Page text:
• Arlene made several jokes during the broadcast regarding her honorary doctorate from American International University, especially a very funny one about her keeping regular hours. The ironic thing about the cap and gown rental executive was the fact that earlier that day, Arlene had worn one of his products while receiving her degree. Also, a brief mention is made of the graduation exercises at Deerfield Academy, which Arlene and Bennett both attended. Their respective sons, Peter Gabel and Jonathan Cerf, had graduated from this exclusive prep school on the day prior to this broadcast, Saturday. They probably wore Collegiate caps and gowns also! Helen Hayes had long been regarded as the "First Lady of the American Theatre." Her adoptive son James MacArthur followed in her acting footsteps, and had been working in films. Four years after this broadcast, he would take on his most famous role, Detective Danny "Danno" Williams on "Hawaii Five-O." "Book 'em, Danno." Ironically, Miss Hayes would make a guest appearance on that show, playing Danny's Aunt. - Sargebri (2004)

    • As was mentioned on this episode, Helen Hayes also received an honorary doctorate from Brandeis University. A question was asked by Dorothy if Hayes was married to an actor/star and Hayes hesitated to answer. Then, John Daly replied,"Yes." Who was this man? He was actor Charles MacArthur, and they were married from 1928 until his death in 1956. Another tidbit: Sheilah Graham was born in England in 1904, and raised in an orphanage. She was probably best remembered as being the mistress of author F. Scott Fitzgerald. They lived together from the mid-1930s until his death in 1940. - ironcreekguy

    • Sheilah Graham promoted her new 1964 book, "The Rest of the Story." She answered her questions in French, many to the tune of Johann Strauss' "The Blue Danube Waltz." This was definitely "a first" for What's My Line?! - Suzanne (2004)

      During Sheilah Graham's questioning, Dorothy mentioned the book "Sex and the Single Girl" written by Helen Gurley Brown. H.G.B. became a WML guest panelist after Dorothy died, making her first appearance on the panel two weeks after Dorothy's untimely death. - Sargebri (2004)

    • In Gil Fates' 1978 WML book, in Appendix A of mystery guests, George Rose is incorrectly listed as the mystery guest for "6-6-64." However, tonight the main mystery guest is Helen Hayes. Gil's 1964 date is a typo for 1974. George Rose was indeed a guest on the syndicated WML in 1974, and his episode was taped on 6-6-74. - Suzanne

    • Helen Hayes discussed her recently-ended 1964 Broadway play, "The White House". Performed at Henry Miller's Theatre, the play ran for 23 total performances from 5/19/1964 to 6/6/1964. Of all the First Ladies she portrayed, Helen said she admired Abigail Adams the most. Helen also has an Honorary Doctorate, from Brandeis University. Her (Best Actress in a Leading Role) 1932 Oscar Award was briefly mentioned. She won it for 1931's "The Sin of Madelon Claudet." She joked that nobody would even remember it now. In a few years, she'll win a second Oscar (Best Actress in a Supporting Role) for 1970's "Airport." Bennett also mentions her play, "Dear Brutus" which opened on Broadway at the Empire Theatre on Dec 23, 1918! Of course, they joked that Bennett was the only other person old enough to remember it! Bennett was born in 1898 and Helen was born in 1900. - Suzanne (2004)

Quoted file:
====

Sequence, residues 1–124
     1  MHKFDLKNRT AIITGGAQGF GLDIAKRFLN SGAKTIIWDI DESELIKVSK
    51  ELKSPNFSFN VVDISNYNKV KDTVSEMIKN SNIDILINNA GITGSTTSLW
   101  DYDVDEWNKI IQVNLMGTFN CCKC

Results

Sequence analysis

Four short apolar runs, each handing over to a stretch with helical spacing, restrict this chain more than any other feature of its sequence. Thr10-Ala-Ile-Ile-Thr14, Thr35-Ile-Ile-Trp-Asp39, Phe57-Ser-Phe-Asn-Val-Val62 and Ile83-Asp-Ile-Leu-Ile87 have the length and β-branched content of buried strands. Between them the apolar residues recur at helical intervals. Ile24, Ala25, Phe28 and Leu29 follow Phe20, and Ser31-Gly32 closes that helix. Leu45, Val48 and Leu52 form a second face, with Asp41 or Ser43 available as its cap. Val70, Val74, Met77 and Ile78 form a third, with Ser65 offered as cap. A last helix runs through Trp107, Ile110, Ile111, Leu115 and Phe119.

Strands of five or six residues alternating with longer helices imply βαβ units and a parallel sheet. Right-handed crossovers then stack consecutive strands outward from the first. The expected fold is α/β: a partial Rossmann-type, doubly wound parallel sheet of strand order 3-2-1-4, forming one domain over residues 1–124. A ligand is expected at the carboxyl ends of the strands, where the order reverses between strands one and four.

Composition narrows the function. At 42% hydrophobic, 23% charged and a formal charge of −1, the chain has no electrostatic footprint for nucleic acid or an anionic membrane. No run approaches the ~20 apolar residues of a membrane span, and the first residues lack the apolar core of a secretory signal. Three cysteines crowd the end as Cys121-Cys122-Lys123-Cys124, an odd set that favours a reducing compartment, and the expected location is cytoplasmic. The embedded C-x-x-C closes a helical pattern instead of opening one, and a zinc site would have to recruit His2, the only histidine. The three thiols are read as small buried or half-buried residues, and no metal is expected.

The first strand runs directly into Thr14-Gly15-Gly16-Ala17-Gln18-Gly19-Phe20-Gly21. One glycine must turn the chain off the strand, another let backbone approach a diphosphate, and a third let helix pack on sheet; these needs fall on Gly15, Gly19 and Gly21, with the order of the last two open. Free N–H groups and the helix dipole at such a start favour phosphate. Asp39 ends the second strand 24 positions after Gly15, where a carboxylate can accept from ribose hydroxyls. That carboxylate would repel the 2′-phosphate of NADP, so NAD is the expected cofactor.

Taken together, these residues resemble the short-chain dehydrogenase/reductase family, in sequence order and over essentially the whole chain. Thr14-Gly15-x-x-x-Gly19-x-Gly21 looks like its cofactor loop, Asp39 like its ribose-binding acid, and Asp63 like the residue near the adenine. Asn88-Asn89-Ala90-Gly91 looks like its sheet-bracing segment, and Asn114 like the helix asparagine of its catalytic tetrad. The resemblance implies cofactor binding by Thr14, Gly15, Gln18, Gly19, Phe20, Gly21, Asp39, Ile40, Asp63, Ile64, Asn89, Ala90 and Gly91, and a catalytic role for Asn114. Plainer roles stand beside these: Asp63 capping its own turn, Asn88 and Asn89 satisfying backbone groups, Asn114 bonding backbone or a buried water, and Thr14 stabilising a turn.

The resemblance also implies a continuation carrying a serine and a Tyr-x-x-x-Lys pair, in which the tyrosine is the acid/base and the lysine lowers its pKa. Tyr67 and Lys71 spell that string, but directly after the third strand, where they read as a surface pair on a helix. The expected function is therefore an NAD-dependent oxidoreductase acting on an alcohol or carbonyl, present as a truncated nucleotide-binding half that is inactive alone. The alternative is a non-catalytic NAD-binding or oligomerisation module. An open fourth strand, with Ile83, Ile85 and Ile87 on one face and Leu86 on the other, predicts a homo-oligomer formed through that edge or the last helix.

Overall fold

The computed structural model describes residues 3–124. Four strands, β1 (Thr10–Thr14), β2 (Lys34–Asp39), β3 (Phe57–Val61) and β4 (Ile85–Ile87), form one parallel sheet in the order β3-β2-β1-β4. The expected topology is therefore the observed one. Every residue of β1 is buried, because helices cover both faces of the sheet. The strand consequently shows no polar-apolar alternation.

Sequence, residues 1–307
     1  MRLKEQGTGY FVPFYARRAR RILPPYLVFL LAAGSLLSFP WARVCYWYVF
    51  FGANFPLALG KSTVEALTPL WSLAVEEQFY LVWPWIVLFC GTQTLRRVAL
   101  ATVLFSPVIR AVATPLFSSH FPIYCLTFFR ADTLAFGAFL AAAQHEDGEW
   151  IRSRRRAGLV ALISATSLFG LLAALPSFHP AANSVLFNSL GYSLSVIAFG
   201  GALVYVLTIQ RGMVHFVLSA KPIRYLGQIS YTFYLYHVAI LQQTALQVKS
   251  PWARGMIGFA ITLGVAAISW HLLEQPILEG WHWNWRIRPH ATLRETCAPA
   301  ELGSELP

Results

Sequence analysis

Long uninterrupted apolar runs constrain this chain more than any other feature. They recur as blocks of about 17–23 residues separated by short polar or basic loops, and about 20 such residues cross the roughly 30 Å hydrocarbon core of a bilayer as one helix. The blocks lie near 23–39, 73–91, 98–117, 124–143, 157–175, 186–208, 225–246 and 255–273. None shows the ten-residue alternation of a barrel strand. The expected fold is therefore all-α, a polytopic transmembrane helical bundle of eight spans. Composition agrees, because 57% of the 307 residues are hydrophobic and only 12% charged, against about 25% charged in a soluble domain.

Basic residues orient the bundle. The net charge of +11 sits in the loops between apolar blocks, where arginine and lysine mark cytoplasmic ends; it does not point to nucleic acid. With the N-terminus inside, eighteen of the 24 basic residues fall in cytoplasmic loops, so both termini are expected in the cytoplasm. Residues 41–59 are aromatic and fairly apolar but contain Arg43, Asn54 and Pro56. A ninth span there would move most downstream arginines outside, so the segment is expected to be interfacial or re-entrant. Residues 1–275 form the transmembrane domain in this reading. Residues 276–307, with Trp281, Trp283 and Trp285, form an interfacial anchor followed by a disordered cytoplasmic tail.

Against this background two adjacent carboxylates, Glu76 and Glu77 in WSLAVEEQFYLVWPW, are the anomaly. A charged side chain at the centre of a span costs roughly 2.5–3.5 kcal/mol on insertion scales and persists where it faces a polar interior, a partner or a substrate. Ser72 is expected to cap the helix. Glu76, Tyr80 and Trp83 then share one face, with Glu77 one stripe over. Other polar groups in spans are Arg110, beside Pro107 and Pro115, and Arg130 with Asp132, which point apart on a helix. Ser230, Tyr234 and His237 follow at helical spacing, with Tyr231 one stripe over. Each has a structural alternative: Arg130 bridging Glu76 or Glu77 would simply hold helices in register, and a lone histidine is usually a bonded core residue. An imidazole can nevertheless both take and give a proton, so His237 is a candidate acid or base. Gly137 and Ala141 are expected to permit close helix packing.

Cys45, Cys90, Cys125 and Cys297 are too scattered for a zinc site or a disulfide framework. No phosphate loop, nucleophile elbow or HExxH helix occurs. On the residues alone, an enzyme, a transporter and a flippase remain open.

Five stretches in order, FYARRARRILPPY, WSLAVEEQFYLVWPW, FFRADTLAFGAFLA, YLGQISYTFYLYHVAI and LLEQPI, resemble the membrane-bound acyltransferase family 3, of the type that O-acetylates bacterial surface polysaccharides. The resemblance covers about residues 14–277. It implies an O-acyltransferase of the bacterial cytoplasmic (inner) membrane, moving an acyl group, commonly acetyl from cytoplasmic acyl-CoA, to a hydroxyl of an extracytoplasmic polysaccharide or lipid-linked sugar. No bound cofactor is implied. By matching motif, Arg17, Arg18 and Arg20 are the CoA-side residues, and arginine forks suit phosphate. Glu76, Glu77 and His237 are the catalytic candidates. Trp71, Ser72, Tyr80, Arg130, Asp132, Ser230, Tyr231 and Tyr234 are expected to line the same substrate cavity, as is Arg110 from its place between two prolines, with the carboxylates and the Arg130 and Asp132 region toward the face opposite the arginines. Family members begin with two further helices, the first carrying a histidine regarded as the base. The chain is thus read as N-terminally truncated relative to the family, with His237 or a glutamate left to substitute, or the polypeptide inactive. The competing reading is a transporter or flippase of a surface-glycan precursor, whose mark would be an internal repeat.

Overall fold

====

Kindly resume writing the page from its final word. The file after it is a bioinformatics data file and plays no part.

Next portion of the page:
• Tidbits: The name plaques are back, they've been missing for several episodes.
      Congratulations, Arlene! She was awarded an Honorary Doctorate Degree (Doctor of Humanities) from the American International College in Springfield, MA. Not to be outdone, John Daly mentioned that he too was awarded an Honorary Doctorate from them! John and Arlene referred to each other as "Doctor" tonight!
      Deerfield Academy was also mentioned again, as Arlene's son (Peter Gabel) and Bennett's son (Jonathan Cerf) graduated yesterday.
      During the goodbyes, Dorothy's comment to John, "10022 to you too" is in reference to the new zip code in the address of CBS which John reads on each episode. He tells viewers how to write in to become a possible contestant. In his 1978 WML book, Gil Fates stated that very few contestants were culled from the viewer write-ins. - Suzanne (2004)

    • Panel: Dorothy Kilgallen, Robert Q. Lewis, Arlene Francis, Bennett Cerf.

  • Allusions

    • Click "All Episode Notes" to see all the notes, as they don't all show up on the summary overview page.